Buck 110 Folding Hunter Knife Review: A Timeless Masterpiece
Blade
Steel
Design
Weight
Handle
Sheath
What We Loved
  • Razor sharp blade out of the box
  • Easy to resharpen the 420HC blade
  • Timeless design
What Can Be Improved
  • Weight makes it impractical as an EDC
  • Brittle tip that can break
4.3Editor's Rating

Buck 110 Knife Review

Buck 110 review

Call me old school, but when I think of a folding hunting knife, the first thing that immediately comes to my mind is the Buck 110 Folding Hunter. Growing up, my father gave me very first knife (a Buck 110). This is not only a classic in my family, but also one of my favorite knives, and so I admittedly might be a bit biased as I’ve used one since being a boy. And, I know that’s not something unique to just me, but similar to many others as well. However, in this in-depth Buck 110 review, I will look to break down all facets and characteristics of this knife to explain what’s great about it, and what I wish Buck would improve on.

Specifications:

  • Blade Type: Folding
  • Tip: Crescent
  • Steel: 420HC
  • Blade Length: 3.75”
  • Blade Thickness: .12”
  • Knife Overall Length (Closed): 4.875”
  • Handle: Dymondwood
  • Knife Weight: 7.2 Ounces
  • Sheath: Leather

Overview

Without a doubt, the Buck 110 Folding Hunter is one of the most famous Buck knives on the market and has some real history behind it. It is their most iconic model, and true piece of Americana. Created in 1963 by Al Buck, the 110 truly helped to put Buck knives on the map and to create such a lasting brand. What made this knife so unique was its innovative design. Typically, folders did not, and still do not have the strength to rival that of fixed blade knives. That’s what made the 110 so innovative and disruptive.

Features:

  1. Lockback design, ideal for its strength and safety when in use
  2. Strong stainless steel crescent blade, perfect for detail oriented work such as field dressing, skinning and when camping
  3. Forged with 420HC stainless steel which is a sturdy and easy to sharpen steel
  4. Includes Buck’s Forever Warranty which is reassuring how much Buck stands behind their knives

Buck was able to pair the portable and nimbleness of folder, with the strength of a fixed blade. And in doing so, has turned this bad boy into a timeless classic, and one of the most influential folders – or knives in general – in modern times. Heck, most people already have it in their collection as this knife has sold millions of times. Of all the knives on the market, if you don’t personally own one, you probably know someone that does, and for good reason.

The 110 has aged well because even in a time where technology is ruling all industries and advancing faster than we can keep up with it, the Buck 110 goes back to the roots of simpler times. It is a classic, old timer knife … a classic made in the USA. It is Buck’s flagship folder model, and for that reason alone, whether you’re a collector or not, you’ll probably want to consider hanging it on display just because of its looks and heritage. When you see it in person, you can appreciate its work of art.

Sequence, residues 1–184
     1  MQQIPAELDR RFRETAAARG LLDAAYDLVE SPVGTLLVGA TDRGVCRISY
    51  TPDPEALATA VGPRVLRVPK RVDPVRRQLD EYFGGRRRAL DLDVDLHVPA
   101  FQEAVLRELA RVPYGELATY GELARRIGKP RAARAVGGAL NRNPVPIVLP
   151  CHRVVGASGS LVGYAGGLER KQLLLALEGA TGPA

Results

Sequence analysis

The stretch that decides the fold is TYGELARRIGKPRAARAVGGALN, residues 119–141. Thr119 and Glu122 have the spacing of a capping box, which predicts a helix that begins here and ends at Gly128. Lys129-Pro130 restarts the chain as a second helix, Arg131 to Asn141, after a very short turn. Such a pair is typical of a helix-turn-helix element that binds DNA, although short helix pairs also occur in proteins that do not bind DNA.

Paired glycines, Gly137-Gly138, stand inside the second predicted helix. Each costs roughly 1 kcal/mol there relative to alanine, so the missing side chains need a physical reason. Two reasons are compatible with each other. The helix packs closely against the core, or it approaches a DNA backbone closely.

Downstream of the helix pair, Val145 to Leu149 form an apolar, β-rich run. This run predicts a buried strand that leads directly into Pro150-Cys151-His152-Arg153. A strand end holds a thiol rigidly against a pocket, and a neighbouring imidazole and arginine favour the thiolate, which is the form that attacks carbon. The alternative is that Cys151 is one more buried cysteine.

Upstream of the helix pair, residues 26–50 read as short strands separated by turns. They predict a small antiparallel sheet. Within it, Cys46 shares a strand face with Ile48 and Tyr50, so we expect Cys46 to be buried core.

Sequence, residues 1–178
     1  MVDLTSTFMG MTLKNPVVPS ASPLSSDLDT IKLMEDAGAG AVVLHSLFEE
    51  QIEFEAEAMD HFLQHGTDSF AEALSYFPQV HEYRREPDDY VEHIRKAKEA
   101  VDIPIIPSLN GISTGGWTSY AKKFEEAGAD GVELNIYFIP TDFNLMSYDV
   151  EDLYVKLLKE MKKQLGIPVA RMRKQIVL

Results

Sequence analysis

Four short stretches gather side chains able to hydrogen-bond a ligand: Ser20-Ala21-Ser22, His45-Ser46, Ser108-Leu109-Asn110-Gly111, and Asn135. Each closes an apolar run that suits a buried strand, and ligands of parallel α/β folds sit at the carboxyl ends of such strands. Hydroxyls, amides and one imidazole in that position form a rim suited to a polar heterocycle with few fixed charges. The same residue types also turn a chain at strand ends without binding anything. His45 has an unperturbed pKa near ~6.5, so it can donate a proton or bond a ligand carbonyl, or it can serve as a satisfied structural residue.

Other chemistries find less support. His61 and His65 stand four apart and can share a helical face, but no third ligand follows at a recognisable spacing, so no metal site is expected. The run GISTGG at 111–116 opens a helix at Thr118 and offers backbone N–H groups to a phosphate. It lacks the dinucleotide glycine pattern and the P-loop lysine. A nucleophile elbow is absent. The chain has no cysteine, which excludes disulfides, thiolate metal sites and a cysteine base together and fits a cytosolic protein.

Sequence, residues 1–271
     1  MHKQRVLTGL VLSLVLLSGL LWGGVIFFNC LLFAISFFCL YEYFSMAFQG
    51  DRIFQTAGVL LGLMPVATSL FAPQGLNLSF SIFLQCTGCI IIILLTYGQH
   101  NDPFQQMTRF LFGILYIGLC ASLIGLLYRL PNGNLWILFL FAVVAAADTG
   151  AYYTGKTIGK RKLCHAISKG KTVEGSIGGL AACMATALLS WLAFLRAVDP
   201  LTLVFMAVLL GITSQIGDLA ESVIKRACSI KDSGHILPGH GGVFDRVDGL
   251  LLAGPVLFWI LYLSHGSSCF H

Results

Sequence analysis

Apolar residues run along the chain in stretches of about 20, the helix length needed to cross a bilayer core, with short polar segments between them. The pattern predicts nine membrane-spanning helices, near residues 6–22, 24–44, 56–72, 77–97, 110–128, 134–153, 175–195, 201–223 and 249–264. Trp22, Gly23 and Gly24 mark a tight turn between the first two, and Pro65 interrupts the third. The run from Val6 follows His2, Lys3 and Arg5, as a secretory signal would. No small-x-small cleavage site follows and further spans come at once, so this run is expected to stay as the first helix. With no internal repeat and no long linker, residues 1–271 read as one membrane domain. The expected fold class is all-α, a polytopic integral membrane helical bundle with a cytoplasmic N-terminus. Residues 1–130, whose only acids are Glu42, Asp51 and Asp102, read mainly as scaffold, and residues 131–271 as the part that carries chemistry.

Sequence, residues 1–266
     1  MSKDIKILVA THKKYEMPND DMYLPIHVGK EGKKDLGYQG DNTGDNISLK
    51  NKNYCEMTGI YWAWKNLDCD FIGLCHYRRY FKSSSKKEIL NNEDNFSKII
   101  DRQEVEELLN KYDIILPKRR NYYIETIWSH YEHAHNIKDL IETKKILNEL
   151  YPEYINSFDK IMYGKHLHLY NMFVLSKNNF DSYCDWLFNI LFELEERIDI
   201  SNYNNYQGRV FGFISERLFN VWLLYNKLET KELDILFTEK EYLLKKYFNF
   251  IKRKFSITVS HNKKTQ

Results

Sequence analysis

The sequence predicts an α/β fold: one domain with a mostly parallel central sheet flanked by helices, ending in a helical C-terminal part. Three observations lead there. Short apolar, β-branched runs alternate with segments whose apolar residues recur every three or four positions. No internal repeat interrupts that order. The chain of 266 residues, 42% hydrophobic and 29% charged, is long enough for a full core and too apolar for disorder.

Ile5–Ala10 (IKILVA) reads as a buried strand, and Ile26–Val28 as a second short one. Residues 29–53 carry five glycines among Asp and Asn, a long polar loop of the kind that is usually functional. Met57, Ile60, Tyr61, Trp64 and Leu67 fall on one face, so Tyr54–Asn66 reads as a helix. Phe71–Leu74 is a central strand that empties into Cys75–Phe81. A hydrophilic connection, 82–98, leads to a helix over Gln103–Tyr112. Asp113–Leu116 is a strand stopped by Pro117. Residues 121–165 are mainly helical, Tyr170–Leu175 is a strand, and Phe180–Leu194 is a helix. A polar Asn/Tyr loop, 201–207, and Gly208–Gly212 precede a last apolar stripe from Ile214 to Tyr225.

Quick Thoughts

As I’ve alluded to already, the Buck 110 is an old school knife, and hasn’t changed much from the way it was created back in 1963 (some real history). It was one of the first commercial folding hunting knives made available, so you have to keep in mind that as a pioneer, it paved the way for many of the folders out today. It has some rawness as the first mover.

With that being said, the 110 is not suited for every single task, but I’ve found it to be incredibly well-rounded as an outdoor folder. It’s a robust knife with numerous uses and functionality, perfect for field dressing, hunting and skinning, fishing, and tactical in a pinch. Although it wasn’t designed to be a box cutter, or pocket knife, or even for cutting onions, some people use it for everything (and can’t say that I haven’t as well). If you’re looking for a skinner, this can slice through dozens of deer or elk, and many faithful users have relied on it to do so.

The Buck 110 is a lockback folder, and a quality alternative to the big fixed-blade knives, which is what many hunters (including myself) use in the field. Typically, you can’t rival the strength and reliability of a fixed knife, so there are naturally going to be trade-offs.

In my opinion, I believe the 110 has had such incredible success because of its appeal to our primordial instincts. There is something about its raw, yet polished look that is simply alluring. You just have to hold it to understand.

I am now going to review specific aspects of the Buck 110 that I consider important in a knife.

How’s The Blade Quality?

Whew, is this blade sharp! And, I’m glad to see that even to this day, out of the box the Buck 110 is hair shaving sharp (hey – we all do it to test our new blades).

This knife comes with a 3.75 inch clip point blade with a crescent tip, shaving sharp out of the box. While a smaller blade size, I prefer that for more finer and detailed work such as whittling sticks. As opposed to a 14 inch blade on a bowie knife, a 3 – 4 inch blade allows for more precision to make delicate cuts. This knife has been used to field dress many whitetail deer, the fine and sharp point allow for that. It will be small for batoning, but understand that is not its design, it’s primarily a hunting knife.